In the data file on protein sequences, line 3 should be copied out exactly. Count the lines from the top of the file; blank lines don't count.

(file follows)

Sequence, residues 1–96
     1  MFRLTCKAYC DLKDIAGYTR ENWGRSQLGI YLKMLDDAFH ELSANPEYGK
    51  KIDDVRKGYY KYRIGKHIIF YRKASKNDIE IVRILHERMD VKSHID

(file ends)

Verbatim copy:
    51  KIDDVRKGYY KYRIGKHIIF YRKASKNDIE IVRILHERMD VKSHID